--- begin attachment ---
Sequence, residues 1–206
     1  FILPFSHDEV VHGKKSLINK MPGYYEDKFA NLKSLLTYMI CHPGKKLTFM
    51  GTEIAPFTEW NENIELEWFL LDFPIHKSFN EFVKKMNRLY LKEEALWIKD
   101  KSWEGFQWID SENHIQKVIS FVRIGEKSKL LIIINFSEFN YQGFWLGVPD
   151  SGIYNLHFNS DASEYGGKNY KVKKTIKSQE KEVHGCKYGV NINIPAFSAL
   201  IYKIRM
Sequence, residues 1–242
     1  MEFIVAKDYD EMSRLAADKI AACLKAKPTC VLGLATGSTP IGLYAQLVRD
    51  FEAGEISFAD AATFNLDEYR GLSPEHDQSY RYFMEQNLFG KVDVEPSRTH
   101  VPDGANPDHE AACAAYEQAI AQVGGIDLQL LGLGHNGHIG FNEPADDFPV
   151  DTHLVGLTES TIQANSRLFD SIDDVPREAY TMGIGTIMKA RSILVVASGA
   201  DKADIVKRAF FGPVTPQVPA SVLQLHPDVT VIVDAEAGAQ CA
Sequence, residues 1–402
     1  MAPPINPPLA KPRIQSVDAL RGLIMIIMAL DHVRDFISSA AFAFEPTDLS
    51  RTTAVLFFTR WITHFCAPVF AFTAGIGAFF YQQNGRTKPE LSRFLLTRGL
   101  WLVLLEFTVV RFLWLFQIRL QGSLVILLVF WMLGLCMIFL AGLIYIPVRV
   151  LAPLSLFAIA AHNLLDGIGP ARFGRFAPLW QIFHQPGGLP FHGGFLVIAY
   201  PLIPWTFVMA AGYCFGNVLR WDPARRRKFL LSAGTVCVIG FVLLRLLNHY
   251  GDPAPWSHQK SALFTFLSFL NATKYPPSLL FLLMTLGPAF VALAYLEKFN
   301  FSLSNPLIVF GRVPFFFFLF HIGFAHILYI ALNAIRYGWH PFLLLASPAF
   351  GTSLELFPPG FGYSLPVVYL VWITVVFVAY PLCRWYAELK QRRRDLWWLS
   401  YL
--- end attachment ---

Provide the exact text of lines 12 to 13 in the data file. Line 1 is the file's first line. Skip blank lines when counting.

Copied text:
   201  DKADIVKRAF FGPVTPQVPA SVLQLHPDVT VIVDAEAGAQ CA
Sequence, residues 1–402